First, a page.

I have many things for which I am grateful, not the least of which is the fact that I can spend my mornings tucked into a comfortable, if not beautiful, chair, with a couple of pillows to support my aging lumbar region. Here I read the paper, and then, if there’s time, I read another chapter in one of the books I keep on the stand next to me, under the stained glass lamp we got on sale not long after we moved in. The chair is set in front of the living room windows, three double-hung jobs badly in need of re-glazing and painting, that face east: the best orientation for the house, according to my Asian-influenced upbringing. Artifacts from our stints in Japan and Taiwan lie around the room, and many of the aforementioned soft cushions are covered in fabrics from China—probably woven in some sweatshop or other for the export trade. I am always torn between my love for the colors and patterns of the East, and the ethical questions that arise from purchasing them so far away from their origins. I have no way of knowing how the people who made them are faring; so I can only hope that some portion of their cost makes it back to the weavers, fullers, and tailors responsible for their manufacture.
In fact, a good deal of the time I spend in my chair each morning is devoted to thinking about utopia—or reflecting on these dystopian times. The pile of books from which I glean ideas and which provide the fodder for most of my blog posts, almost always focus on what human beings have done to the world that makes it necessary for thoughtful people to wonder about the environmental and cultural impact of everything we buy, eat, wear, or otherwise consume. It’s not that I mind being mindful; it’s just that it would be better for us as a species, and better for the world as a whole, if we were more able to “spend” that time living in the world rather than worrying about it.
Writing and thinking occupy almost all of my “off” (i.e. non-teaching/grading/prep) time during the winter. I often spend Saturdays ensconced in my chair with my laptop, working on the “Farm” or on my latest literary effort (a science fiction novel about an older woman on an archaeological adventure), at least until the sun has risen enough to suggest the possibility of working in other parts of the house. The study is, unfortunately, the coldest and darkest room in the house, even though it faces south, because of the deep eaves that shade the windows. These conditions make it pleasant in the summer, but in winter I often have to sit at my desk with a comforter around my knees and a shawl over my sweater. It’s a bit like writing in a garret in a tenement somewhere, but not terribly romantic. On sunny mornings, though, the Comfy Chair is the venue of choice, especially when there’s a fire going, and one of the puppies is napping on my feet.
Come spring, when the morning temperatures are above 60°F and the weather fine, we move into the garden for our morning read. This year, since we’ll be rearranging things a bit, we’ll be able to sit at a table, with the coffee carafe and the newspapers, and perhaps even the laptop (I’ve recently discovered that the wireless connection reaches out there), which should make for some pleasant writing-mornings. The seasonal migrations through and around the house are something I’ve become much more aware of since I began working on the “Farm” in the first place. As I was writing More News From Nowhere, I spent much of my time “living” there—thinking about alternatives to “civilization.” But I have since begun to think more about the quality of life in my immediate vicinity, and how what I imagined in the book could in any way be implemented in “real life” (or the “RW” as they call it on my forum).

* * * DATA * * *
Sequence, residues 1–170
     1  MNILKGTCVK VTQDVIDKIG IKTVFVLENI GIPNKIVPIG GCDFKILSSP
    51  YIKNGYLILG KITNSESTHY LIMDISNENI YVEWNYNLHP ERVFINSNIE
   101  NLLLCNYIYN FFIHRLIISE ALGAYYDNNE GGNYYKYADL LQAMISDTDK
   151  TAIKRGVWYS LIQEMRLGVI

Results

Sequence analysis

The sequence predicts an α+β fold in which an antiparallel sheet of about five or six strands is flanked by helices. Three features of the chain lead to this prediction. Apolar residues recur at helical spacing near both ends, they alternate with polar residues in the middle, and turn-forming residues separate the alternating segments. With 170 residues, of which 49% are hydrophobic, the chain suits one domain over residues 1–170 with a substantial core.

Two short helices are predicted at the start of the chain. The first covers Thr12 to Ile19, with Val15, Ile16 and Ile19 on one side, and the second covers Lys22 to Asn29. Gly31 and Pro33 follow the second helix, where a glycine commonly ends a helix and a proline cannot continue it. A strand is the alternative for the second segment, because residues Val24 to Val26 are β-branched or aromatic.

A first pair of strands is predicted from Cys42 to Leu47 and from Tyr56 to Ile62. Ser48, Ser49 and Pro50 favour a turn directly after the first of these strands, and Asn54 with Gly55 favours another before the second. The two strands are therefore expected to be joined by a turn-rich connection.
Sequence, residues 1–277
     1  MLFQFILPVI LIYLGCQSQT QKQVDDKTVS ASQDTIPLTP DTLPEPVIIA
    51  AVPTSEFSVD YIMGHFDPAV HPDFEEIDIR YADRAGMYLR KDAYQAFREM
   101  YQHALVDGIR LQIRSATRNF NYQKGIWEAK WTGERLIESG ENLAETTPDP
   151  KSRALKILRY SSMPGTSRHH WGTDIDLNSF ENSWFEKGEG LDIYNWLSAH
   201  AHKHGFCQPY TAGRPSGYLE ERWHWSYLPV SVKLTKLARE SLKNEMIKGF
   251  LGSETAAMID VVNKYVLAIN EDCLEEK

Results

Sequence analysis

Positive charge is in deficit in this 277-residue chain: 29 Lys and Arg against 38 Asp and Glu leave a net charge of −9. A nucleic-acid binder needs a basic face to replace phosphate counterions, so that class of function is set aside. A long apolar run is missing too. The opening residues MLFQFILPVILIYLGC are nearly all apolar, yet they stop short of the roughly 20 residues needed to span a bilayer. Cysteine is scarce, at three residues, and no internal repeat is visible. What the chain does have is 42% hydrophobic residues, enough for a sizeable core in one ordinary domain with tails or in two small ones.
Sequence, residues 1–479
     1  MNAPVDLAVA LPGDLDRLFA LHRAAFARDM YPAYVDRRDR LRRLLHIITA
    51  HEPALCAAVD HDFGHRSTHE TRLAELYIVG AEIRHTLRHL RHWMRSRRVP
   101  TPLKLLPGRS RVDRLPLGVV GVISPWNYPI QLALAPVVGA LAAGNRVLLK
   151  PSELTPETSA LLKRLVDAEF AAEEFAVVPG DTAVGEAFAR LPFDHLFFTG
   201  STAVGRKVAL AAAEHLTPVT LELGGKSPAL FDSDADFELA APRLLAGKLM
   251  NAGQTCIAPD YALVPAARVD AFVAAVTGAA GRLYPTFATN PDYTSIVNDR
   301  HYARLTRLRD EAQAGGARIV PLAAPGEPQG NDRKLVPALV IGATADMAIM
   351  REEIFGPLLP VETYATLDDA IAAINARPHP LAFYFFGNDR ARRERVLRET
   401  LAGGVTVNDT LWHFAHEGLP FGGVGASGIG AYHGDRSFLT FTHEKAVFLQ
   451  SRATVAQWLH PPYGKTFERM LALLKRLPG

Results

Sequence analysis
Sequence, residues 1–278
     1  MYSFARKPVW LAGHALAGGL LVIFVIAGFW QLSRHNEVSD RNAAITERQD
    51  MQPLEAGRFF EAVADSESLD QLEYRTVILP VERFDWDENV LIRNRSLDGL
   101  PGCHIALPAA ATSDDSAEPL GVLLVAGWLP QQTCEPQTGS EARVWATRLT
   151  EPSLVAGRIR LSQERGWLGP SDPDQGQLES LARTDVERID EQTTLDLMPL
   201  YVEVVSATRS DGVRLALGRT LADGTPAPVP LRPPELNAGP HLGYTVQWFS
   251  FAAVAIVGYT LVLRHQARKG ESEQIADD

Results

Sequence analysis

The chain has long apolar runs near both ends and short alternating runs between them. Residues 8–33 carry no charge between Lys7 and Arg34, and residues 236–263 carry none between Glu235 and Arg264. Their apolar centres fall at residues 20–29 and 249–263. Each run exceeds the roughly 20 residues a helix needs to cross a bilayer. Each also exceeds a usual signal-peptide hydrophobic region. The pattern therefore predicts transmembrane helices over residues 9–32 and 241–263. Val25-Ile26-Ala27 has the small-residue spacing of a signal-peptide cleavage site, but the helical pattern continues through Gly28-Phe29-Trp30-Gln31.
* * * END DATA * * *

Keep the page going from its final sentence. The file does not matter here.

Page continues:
One of the few ways to escape the constant, intrusive, nagging, and mounting problems in the world has always been to become a hermit, and I can certainly understand the impulse. If I did not find myself regularly in the company of young adults who are inheriting what those of my generation have bequeathed them, I’d be very tempted to simply enclose myself in my little domain and lose myself in the works of Morris and the other utopians I’ve spent the last twenty years reading, or in the ancient world, or some other place not here, not now. But the kids I teach—creative, funny, sardonic, frustrating, but sometimes quite wise and much more optimistic than I—draw me back into the world at least four days a week, and make me want to fix things for them. I can’t, of course. And I’m too old and too tired to do much other than help them know some of what I know, so that maybe they can do something to fix it for themselves. Maybe our job now is to help them keep wanting to figure out a way to keep the world going.
Meanwhile, I need to get out of the chair and into the garden. I picked up herb seedlings and lettuces at Whole Foods yesterday, and need to get them in the ground—or at least into pots where they can be protected if another freeze sneaks in on us. Planting a garden is always a sign of hope, so perhaps I’m actually more sanguine than I pretend. And I now have to go make entries in a new garden journal, which gives me something else to look forward to doing in the Comfy Chair—at least until the puppies start poking me with their soft noses and luring me out to get some actual work done. Perhaps we should have named them after Michael Palin and Terry Gilliam, in honor of their antics in the Python sketch that suggested the title of this post. After all, as long as we live in a world that can remember its past well enough to make fun of it, perhaps we really do have a future.